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Magic not satisfied with just making finals

The team says winning the silver conference trophy is nice, but it's going for the gold.

June 01, 2009|Brian Schmitz

ORLANDO, FLA. — Don't try to sell the Orlando Magic on the notion it is now playing with house money.

The team's players and management aren't buying it.

They aren't buying the idea that since they've exceeded all expectations -- flat-out stunned most experts -- it doesn't matter how things turn out in the NBA Finals against the Lakers.

Just getting to the big stage in L.A. isn't enough for Dwight Howard.

"We ain't finished yet," he said.

General Manager Otis Smith wouldn't even join the team on the Amway Arena floor for a celebration Saturday after Orlando ousted the Cleveland Cavaliers, refusing to touch the silver trophy awarded to the Magic. He wasn't about to wear a souvenir "Eastern Conference Champions" T-shirt and ball cap that the league provided to his players and staff.

Same reason he wouldn't allow champagne in the Magic's dressing room.

"That's not the goal," Smith said.

His players get the message: The ring's the thing.

"You can look at everybody in the eyes in the locker room and tell that we are happy about getting to the Finals, but we are not tremendously happy enough yet," Rashard Lewis said.

"We like winning that silver basketball, but I think the gold basketball will be a little bit better than the silver one."

It's not false bravado. It might not have many believers outside Orlando, but the Magic feels it has proved in the postseason that it is a legitimate title threat. A case could be made that its path has been more difficult than that of the Lakers.

After dispatching the Philadelphia 76ers, the Magic dethroned the defending champion Boston Celtics and eliminated the Cavaliers, who posted a league-best 66-16 record and were led by league MVP LeBron James.

Kobe Bryant and the Lakers knocked off the Utah Jazz and the Houston Rockets before beating the Denver Nuggets to win the Western Conference finals. They'll have home court against the Magic in the 2-3-2 format after finishing runner-up to the Cavaliers for the best record at 65-17; Orlando finished 59-23.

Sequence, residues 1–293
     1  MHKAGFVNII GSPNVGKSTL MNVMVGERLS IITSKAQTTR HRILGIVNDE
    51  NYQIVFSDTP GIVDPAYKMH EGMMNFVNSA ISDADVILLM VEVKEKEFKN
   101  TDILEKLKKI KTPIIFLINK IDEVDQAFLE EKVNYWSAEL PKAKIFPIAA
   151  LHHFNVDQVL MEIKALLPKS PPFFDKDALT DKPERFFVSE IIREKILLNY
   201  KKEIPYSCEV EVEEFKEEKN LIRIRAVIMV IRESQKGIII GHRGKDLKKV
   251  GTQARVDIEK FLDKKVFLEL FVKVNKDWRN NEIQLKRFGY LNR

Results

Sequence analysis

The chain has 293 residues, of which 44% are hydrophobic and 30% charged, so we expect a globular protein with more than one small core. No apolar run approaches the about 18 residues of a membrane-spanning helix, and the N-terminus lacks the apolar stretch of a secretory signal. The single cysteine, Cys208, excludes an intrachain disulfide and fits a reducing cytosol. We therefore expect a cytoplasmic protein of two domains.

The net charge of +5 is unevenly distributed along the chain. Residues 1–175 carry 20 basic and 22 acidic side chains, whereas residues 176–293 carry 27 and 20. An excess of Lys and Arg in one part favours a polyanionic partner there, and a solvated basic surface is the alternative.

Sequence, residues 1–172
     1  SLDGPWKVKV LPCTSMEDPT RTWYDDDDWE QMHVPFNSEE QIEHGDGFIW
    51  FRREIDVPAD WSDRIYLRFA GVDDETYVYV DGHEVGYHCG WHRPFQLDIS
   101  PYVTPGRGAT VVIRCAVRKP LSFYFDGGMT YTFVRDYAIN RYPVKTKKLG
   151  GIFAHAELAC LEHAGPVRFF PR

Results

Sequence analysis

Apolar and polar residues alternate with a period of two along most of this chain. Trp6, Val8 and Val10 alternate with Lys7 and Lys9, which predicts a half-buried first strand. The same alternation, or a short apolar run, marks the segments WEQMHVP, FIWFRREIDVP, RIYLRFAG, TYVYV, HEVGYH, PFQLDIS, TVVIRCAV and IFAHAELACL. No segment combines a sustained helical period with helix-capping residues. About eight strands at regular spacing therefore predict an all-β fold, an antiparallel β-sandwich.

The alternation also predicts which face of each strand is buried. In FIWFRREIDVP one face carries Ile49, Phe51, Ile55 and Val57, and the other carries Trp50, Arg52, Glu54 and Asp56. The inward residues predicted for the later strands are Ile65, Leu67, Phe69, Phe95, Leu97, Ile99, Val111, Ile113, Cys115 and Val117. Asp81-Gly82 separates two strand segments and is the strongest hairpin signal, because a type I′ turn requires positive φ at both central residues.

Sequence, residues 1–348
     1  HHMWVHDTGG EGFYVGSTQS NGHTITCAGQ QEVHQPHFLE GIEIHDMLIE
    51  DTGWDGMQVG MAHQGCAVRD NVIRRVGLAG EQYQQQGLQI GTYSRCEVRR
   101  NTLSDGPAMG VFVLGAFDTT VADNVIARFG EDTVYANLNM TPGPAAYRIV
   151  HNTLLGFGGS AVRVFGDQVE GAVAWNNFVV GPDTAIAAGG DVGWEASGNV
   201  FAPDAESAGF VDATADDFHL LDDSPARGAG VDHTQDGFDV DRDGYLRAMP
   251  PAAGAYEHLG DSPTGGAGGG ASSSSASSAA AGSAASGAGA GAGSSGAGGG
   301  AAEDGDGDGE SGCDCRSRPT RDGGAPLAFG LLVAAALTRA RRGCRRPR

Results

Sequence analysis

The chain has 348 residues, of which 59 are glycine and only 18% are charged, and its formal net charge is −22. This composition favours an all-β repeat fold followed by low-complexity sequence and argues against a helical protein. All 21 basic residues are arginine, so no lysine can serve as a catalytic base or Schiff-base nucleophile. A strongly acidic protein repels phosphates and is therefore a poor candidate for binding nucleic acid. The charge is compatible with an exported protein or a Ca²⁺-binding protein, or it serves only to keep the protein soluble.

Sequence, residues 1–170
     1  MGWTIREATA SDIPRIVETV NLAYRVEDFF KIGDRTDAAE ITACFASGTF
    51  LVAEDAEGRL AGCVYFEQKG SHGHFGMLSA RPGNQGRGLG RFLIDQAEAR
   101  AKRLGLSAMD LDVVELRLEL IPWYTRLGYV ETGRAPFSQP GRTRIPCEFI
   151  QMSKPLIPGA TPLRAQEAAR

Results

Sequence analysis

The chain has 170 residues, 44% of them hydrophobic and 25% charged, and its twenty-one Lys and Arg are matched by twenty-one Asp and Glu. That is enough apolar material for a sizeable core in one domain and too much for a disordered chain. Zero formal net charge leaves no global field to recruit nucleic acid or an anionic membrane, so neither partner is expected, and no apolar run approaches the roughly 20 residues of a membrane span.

Like Boston and Cleveland, the Lakers are considered the favorites, experts overlooking or dismissing Orlando's 2-0 regular-season record against L.A.

The Magic swept the Lakers for the first time in its 20-year history, defeating them at Amway Arena, 106-103, on Dec. 20 and winning at L.A., 109-103, on Jan. 16.

"We got our work cut out for us," Lewis said. "Nothing is going to be easy. We have to go out there and defend. Just like we faced LeBron, now we got to face Kobe."

The fact that the Magic is evaluating whether point guard Jameer Nelson -- out since shoulder surgery Feb. 19 -- can make an early return speaks volumes: It doesn't want to let this golden opportunity slip away without exhausting all means.

Don't talk to Magic owner Rich DeVos about playing with house money. He didn't know whether he'd even be alive to see his team reach the Finals again.

He was feeling so sickly the first time the Magic made it to the title round, in 1995, that he "hardly remembers it." DeVos had a massive heart attack two years earlier. His ticker was slowly giving out. Then, in 1997, he received a heart transplant, surviving the procedure at 71 years old.

"I was on my way to dying," DeVos said Saturday night. "I should not have been here, but God gave me another chance to behold this night. . . . We're happy, but we're not satisfied. We want to win the championship."


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